Drake’s attorney, Tony Soltani of Epsom, said Thursday the lawsuit raises 14 claims, some of which are based in state law and others in federal law. He said the town of New Boston and the New Boston Police Department have the right to have the matter adjudicated in the higher court, if a federal judge finds the claims have merit.

The defendants have 30 days to respond to the lawsuit. Cullen said his response on behalf of Masella may lead with a motion to dismiss.

Brace issued an email statement Thursday, after the town’s attorney, Donald Lee Smith of Manchester, could not be reached for comment. Town officials declined to discuss the specifics of the lawsuit, but stated “the complaint contains inaccurate information which will be addressed as part of the ongoing legal process.”

Drake began working part-time for New Boston in summer 2013 and a few months later was hired full-time. Masella was her training officer.

It was that December that Drake ran into Masella at a Amherst bank while off duty and he made sexually oriented comments to her about her attire, the lawsuit says. On another occasion, she alleges, Masella showed up uninvited to her home in New Boston and asked if she was naked.

In an interview Thursday, Soltani referred to Masella’s actions as “savage” and said he is disturbed by the evidence.

“I wish they would realize how idiotic their behavior is, how abusive it is,” Soltani said. “It’s fascinating that these people have the gall in 2014-15 in New Hampshire to come up to her and say, ‘You can’t jog in the streets of New Boston, because your clothes, which are a baggy jump suit, are too revealing, too sexy.’ ”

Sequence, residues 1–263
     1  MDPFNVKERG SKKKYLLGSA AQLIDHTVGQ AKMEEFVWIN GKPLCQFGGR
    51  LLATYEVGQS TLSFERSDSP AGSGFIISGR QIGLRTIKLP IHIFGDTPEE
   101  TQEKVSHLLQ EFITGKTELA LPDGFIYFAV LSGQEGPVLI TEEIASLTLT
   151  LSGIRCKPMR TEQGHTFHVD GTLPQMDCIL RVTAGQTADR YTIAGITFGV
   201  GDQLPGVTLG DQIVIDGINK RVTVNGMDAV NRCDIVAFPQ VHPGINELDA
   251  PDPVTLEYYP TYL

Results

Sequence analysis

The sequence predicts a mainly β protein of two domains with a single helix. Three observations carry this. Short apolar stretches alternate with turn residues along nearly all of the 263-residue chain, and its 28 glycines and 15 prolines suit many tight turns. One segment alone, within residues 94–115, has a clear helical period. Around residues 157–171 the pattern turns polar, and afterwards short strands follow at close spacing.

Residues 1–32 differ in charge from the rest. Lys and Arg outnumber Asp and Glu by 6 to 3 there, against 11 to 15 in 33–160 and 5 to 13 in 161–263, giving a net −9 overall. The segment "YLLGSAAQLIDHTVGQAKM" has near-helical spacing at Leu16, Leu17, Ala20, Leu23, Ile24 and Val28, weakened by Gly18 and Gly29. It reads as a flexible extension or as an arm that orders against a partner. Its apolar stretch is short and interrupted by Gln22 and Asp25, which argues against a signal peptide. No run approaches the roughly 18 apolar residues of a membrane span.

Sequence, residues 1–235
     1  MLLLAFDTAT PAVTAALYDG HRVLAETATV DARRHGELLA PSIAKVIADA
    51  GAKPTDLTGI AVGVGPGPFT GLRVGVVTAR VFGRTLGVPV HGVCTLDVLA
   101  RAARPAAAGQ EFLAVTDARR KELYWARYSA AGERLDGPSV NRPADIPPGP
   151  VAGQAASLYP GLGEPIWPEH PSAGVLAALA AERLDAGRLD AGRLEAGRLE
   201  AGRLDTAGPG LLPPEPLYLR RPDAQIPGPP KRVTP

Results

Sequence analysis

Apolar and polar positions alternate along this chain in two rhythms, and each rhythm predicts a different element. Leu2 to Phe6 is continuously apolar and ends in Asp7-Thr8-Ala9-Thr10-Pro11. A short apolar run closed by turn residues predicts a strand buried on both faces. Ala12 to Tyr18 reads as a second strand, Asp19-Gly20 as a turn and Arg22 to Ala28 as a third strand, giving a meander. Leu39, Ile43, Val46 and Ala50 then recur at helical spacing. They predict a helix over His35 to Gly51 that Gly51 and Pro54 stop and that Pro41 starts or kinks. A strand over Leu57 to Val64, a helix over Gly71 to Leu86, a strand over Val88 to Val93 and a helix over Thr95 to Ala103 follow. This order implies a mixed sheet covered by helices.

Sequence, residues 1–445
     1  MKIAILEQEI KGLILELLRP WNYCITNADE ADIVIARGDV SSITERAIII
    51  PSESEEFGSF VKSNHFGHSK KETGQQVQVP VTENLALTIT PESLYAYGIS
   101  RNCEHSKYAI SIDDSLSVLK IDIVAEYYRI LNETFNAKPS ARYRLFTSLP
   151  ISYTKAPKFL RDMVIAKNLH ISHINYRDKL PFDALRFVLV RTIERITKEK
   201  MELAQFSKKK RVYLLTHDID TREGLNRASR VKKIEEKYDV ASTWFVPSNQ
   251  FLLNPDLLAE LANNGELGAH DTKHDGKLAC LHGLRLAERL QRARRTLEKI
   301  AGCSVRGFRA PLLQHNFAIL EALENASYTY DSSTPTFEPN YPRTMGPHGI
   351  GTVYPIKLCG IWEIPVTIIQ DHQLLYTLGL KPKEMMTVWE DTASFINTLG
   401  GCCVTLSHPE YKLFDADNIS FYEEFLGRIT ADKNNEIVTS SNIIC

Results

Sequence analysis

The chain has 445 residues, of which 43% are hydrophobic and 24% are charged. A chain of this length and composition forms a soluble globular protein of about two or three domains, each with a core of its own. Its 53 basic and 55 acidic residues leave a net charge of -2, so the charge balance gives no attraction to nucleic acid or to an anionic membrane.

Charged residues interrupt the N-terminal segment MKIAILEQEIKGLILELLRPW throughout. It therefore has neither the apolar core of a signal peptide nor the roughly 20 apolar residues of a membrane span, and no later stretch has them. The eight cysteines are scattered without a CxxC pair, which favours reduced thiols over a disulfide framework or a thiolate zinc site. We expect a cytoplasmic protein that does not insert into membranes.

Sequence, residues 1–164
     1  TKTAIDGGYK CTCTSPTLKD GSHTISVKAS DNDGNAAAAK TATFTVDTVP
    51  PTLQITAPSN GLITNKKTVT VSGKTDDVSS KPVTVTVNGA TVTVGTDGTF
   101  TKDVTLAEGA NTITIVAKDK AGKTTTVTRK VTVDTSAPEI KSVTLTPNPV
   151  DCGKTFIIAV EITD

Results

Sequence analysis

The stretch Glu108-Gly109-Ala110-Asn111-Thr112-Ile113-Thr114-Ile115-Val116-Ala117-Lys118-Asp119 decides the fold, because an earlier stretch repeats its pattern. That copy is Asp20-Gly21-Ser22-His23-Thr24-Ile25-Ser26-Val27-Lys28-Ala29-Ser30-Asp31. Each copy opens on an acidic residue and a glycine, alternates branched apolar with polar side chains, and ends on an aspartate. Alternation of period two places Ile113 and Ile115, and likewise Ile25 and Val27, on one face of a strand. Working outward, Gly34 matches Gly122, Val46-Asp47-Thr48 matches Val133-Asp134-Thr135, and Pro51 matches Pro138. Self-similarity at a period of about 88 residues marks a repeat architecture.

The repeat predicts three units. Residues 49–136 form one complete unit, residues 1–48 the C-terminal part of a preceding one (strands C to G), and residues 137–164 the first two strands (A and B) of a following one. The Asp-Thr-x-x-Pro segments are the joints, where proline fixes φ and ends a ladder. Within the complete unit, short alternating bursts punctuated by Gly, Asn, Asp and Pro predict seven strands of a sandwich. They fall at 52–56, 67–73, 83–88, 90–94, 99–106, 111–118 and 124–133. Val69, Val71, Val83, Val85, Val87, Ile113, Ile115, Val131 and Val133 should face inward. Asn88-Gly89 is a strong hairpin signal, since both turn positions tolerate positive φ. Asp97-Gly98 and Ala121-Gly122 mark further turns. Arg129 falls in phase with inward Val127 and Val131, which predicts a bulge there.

Drake met with Brace in April 2015 to communicate her concerns about Masella. In response, the lawsuit says, Brace told her to follow the chain of command and raise her issues with her supervisor, Masella.

The town, though, said in its response Tuesday that the Hillsborough County Sheriff’s Office conducted a formal investigation into the allegations when they were brought to Brace’s attention.

The lawsuit notes that Drake also sought help from Sgt. Richard Widener, who said he was aware of the sexual harassment complaint and would “take care of it.”

Seven days after Drake met with Brace, Widener filed a formal complaint against Masella. His complaint addressed both the falsified police report and Drake’s allegations of sexual harassment.

Brace responded to the complaint by calling Drake in for an “interview,” which lasted for more than an hour. Drake said Masella witnessed a grueling period of questioning and at one point called her a liar.

Brace recommended to the select board that Drake be terminated. He handed her a letter on Oct. 8, 2015, recommending her termination because she had filed a false report. He also issued her a warning for violating the town’s sexual harassment policy.

The town acted on Brace’s recommendation two months later and fired Drake.

Masella joined the New Boston Police Department in December 2011 after retiring from the Nashua Police Department, where he worked for 23 years. He is paid about $1,000 a week by New Boston for his 32-hour a week position and collects $95,036 in annual pension from the New Hampshire Retirement System.

(Alyssa Dandrea can be reached at 369-3319, adandrea@cmonitor.com or on Twitter @_ADandrea.)